212 reputation
18
bio website pathintegral.org/blog
location
age
visits member for 1 year, 6 months
seen Aug 14 '13 at 17:49

Jan
9
awarded  Yearling
Aug
20
awarded  Revival
Jan
27
awarded  Tumbleweed
Jan
20
revised Cauchy-Schwarz for metrics with arbitrary signatures
"negative norm" changed to "negative inner product"
Jan
20
revised Cauchy-Schwarz for metrics with arbitrary signatures
added some more tags
Jan
20
asked Cauchy-Schwarz for metrics with arbitrary signatures
Jan
19
awarded  Quorum
Jan
18
accepted The most general notion of a directional derivative
Jan
18
comment The most general notion of a directional derivative
I actually tried to (informally) generalize a directional derivative by using the notion of a direction here: pathintegral.org/blog/?p=582 I did not mention it because I did not want to look like I was just advertising myself or something. I was hoping that with some formal definitions, I would be able to prove it was equivalent to some generalized notion of a derivative known to be equivalent to the standard one in $\mathbb R^n$. Thank you for the thorough answer. I learned something about generalizations too--namely that the $C'$ in my question need not be unique! +1
Jan
18
revised The most general notion of a directional derivative
minor change--better phrasing
Jan
18
asked The most general notion of a directional derivative
Jan
17
comment Is there/need there be a mathematical definition of a “direction”?
I thought I would mention that on a Minkowski metric, I could say that the product of the "time" direction with itself is -1, so one does not have to equate the "direction product" with the cosine of an angle. I presume in its broadest sense, it is just a mapping from pairs of directions to the interval [-1,1].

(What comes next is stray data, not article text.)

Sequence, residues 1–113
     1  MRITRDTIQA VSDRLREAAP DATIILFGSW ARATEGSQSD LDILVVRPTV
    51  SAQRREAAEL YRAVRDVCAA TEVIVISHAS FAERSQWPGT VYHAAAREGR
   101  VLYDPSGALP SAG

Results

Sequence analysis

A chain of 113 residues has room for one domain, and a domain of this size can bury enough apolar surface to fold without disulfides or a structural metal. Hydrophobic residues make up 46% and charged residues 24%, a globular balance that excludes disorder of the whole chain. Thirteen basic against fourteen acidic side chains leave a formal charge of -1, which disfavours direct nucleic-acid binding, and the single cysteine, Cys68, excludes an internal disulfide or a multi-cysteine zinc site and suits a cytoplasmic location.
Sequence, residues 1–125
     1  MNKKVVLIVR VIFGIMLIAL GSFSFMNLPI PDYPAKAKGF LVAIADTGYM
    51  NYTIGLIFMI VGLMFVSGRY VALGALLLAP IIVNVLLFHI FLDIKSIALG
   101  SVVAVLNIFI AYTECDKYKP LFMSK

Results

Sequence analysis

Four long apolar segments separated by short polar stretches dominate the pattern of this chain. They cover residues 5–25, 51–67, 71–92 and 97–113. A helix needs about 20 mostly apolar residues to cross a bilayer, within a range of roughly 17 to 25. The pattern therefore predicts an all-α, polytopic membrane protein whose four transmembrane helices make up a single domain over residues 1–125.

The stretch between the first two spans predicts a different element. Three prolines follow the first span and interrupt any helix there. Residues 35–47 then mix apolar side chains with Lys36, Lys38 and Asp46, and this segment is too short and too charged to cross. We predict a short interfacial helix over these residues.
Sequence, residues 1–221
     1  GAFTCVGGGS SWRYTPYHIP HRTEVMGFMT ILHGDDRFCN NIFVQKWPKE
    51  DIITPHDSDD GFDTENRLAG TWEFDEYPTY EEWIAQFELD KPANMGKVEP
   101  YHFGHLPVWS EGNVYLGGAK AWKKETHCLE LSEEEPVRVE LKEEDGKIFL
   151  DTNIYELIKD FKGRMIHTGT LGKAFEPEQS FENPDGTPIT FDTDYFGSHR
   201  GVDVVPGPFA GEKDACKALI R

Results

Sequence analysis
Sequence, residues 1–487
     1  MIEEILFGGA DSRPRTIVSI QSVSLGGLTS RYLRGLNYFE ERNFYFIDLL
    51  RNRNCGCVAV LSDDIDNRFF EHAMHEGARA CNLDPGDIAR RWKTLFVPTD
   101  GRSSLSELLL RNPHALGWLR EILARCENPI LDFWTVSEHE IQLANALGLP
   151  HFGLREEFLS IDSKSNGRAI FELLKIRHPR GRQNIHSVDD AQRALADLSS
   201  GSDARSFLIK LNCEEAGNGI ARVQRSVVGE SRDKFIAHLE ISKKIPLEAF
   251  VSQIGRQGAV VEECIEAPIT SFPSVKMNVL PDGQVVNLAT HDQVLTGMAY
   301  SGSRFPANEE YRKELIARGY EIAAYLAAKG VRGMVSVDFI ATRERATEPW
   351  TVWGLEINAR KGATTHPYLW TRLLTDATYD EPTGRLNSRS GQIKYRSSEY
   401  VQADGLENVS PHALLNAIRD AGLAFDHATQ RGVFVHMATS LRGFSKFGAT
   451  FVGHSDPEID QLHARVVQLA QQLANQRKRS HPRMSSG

Jan
17
awarded  Supporter
Jan
17
comment Is there/need there be a mathematical definition of a “direction”?
I had to read the Wikipedia article on equivalence relations (I have a relatively narrow math background), but once I understood it, I realize your definition fits my notion of a direction quite well. +1
Jan
17
accepted Is there/need there be a mathematical definition of a “direction”?
Jan
17
revised Is there/need there be a mathematical definition of a “direction”?
added inner product space tag.
Jan
17
comment Is there/need there be a mathematical definition of a “direction”?
I could say that the reason that a unit vector is still a vector and not a direction is because a vector divided by a magnitude is still a vector. The reals are closed under division, so any time you divide a vector by a magnitude you get a new vector with a different magnitude, not a direction.
Jan
17
comment Is there/need there be a mathematical definition of a “direction”?
Yes I know. Those however are still technically vectors and can be added and subtracted as such. I was wondering whether there was any point to defining a mathematical object analogous to a unit vector without a well defined notion of addition and subtraction.
Jan
17
asked Is there/need there be a mathematical definition of a “direction”?
Jan
15
awarded  Scholar